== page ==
Within this riveted Babylon, a glib
superstructure that keeps the summer
fire inside, a mute vibration passes
——————me, a secondhand
ticking by the door; you, a lunatic
whose arms throw semaphore out
on the floor.
Don’t you get tired of the way
you dance by yourself? The way
your hips unhinge and come apart,
waxing and waning like an inner
tube. Your teeth remain zippered
to a silver curve.
—————— Tensed and static,
I cross the floor worn by alien
feet, tincans, empty shells, garbage.
Hear the shrill of glass and steel
horns crowding toward us—
I am afraid to touch you; I lean
behind you, mouth near your spine.
We’re stepping on the cracks
in the cement; detonated red
bombs, explosions of gold,
crimson and yellow, surround
as though in a telescope, star-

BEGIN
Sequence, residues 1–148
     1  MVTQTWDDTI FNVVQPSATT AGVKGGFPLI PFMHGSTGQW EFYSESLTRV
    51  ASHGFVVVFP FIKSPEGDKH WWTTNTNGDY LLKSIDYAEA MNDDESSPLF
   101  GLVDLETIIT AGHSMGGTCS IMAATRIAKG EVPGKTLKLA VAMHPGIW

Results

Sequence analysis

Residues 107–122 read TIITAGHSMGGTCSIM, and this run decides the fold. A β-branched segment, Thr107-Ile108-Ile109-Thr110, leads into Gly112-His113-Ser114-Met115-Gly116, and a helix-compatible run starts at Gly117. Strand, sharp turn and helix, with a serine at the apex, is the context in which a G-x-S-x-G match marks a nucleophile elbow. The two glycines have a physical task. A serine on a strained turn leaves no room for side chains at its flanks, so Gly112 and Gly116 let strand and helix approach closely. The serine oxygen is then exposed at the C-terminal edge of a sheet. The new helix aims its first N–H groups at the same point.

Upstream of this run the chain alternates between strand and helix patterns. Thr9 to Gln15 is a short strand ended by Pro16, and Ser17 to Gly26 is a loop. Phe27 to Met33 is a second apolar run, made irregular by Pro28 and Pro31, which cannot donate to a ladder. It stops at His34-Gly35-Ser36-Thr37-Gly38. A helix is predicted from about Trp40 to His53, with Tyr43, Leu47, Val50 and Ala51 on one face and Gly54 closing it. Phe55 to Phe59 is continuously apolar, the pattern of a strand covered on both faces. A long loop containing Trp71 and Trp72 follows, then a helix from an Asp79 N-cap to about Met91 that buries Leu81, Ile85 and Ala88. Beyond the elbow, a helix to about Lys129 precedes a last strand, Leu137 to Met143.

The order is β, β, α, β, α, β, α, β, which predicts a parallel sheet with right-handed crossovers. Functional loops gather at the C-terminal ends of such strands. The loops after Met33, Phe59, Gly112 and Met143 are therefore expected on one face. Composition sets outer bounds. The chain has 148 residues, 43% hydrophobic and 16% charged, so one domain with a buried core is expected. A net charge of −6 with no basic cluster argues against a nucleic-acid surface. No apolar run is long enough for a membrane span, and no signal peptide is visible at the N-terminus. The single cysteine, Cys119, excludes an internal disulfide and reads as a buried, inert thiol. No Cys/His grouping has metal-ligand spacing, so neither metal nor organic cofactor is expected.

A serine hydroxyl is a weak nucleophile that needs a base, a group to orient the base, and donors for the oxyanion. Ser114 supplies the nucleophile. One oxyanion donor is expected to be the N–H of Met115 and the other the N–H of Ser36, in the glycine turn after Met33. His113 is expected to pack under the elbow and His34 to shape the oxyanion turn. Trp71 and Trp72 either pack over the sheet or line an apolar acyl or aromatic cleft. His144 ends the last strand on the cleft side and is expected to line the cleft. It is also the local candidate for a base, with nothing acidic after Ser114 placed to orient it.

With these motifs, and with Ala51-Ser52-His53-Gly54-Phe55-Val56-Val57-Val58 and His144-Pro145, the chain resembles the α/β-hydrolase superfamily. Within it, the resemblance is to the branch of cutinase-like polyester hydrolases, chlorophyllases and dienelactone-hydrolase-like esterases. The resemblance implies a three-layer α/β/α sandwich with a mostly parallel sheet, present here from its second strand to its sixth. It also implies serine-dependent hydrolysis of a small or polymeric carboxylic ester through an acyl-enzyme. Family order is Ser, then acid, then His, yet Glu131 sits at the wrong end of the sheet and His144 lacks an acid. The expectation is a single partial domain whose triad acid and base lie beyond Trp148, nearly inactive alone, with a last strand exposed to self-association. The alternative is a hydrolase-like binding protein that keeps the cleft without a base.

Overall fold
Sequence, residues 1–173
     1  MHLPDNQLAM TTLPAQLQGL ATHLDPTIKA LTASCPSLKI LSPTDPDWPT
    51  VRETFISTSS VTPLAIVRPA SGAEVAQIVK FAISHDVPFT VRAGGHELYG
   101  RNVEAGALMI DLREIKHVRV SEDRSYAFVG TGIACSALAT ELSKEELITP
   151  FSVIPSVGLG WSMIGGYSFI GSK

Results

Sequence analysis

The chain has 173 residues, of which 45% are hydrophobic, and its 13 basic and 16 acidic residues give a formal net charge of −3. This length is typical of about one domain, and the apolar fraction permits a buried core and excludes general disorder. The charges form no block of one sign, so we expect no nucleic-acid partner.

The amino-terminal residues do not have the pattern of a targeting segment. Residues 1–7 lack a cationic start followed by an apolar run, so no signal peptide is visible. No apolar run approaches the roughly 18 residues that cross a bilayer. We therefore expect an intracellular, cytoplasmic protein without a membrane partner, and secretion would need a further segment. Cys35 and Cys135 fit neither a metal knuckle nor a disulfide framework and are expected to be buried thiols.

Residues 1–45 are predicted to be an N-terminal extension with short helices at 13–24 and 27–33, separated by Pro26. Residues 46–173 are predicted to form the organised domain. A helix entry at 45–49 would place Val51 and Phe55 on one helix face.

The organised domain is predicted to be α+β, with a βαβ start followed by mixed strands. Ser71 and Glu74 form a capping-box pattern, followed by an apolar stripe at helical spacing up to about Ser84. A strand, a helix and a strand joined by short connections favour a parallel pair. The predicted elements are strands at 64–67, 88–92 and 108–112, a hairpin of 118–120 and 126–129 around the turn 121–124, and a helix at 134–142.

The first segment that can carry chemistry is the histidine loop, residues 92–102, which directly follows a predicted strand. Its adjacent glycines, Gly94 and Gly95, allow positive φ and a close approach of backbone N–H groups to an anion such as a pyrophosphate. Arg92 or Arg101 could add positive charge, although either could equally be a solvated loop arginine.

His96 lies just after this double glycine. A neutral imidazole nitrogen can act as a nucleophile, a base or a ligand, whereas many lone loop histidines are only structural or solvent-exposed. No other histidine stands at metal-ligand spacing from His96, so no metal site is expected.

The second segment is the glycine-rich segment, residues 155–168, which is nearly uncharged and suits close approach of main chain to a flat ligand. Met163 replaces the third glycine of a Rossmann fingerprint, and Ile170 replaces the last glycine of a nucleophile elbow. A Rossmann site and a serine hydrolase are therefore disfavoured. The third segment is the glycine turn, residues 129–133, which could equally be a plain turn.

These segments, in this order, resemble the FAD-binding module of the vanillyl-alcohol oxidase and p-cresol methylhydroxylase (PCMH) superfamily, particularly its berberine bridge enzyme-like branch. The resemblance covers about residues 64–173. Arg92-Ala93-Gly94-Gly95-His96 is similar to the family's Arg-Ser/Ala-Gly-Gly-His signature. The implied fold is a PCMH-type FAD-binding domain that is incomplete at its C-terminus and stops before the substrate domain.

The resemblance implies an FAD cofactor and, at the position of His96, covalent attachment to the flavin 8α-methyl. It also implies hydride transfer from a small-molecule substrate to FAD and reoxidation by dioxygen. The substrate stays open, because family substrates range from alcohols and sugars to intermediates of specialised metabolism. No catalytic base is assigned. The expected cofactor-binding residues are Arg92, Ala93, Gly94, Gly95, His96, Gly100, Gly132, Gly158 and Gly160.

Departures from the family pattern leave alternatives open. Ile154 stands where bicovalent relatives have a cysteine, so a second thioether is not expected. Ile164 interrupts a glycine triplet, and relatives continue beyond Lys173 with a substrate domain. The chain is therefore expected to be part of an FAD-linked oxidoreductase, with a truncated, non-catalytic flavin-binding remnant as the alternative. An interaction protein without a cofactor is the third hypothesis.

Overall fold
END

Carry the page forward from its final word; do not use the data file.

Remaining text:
spangled with radiant suns.
You get tired one twist further:
there is a faint pop, a sizzle.
A blunt groping, I get up,
extend my feet, prowl and slink
into crystal darkness.
Your disjointed body is jagged
as a plane crash, scrapped
and littered on the ground.
We’re no uncalloused
and armourless mammals;
shiny illustrations so real
you can almost touch
the ennui of being here.
Cento from Margaret Atwood’s Selected Poems: 1965-1975
hails from South Bend, Indiana. He received his BA in Creative Writing from Loyola University Chicago and remained in the Second City since. His work has been performed by VOX3, a Chicago opera troupe, and has also appeared in various journals, including the Q Review and Handful of Dust. He is currently pursuing an MFA from Northwestern University.